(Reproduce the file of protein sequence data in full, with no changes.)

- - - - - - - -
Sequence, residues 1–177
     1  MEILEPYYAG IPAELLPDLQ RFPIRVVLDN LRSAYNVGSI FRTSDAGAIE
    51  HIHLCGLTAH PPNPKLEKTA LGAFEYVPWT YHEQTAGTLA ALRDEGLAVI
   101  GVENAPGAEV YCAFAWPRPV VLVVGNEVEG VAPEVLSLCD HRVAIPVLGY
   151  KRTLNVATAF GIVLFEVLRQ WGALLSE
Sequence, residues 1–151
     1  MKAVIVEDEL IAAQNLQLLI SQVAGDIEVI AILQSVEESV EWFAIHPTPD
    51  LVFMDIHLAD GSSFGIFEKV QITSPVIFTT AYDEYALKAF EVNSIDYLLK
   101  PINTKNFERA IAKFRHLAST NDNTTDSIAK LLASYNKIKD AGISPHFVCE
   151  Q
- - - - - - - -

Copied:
Sequence, residues 1–177
     1  MEILEPYYAG IPAELLPDLQ RFPIRVVLDN LRSAYNVGSI FRTSDAGAIE
    51  HIHLCGLTAH PPNPKLEKTA LGAFEYVPWT YHEQTAGTLA ALRDEGLAVI
   101  GVENAPGAEV YCAFAWPRPV VLVVGNEVEG VAPEVLSLCD HRVAIPVLGY
   151  KRTLNVATAF GIVLFEVLRQ WGALLSE
Sequence, residues 1–151
     1  MKAVIVEDEL IAAQNLQLLI SQVAGDIEVI AILQSVEESV EWFAIHPTPD
    51  LVFMDIHLAD GSSFGIFEKV QITSPVIFTT AYDEYALKAF EVNSIDYLLK
   101  PINTKNFERA IAKFRHLAST NDNTTDSIAK LLASYNKIKD AGISPHFVCE
   151  Q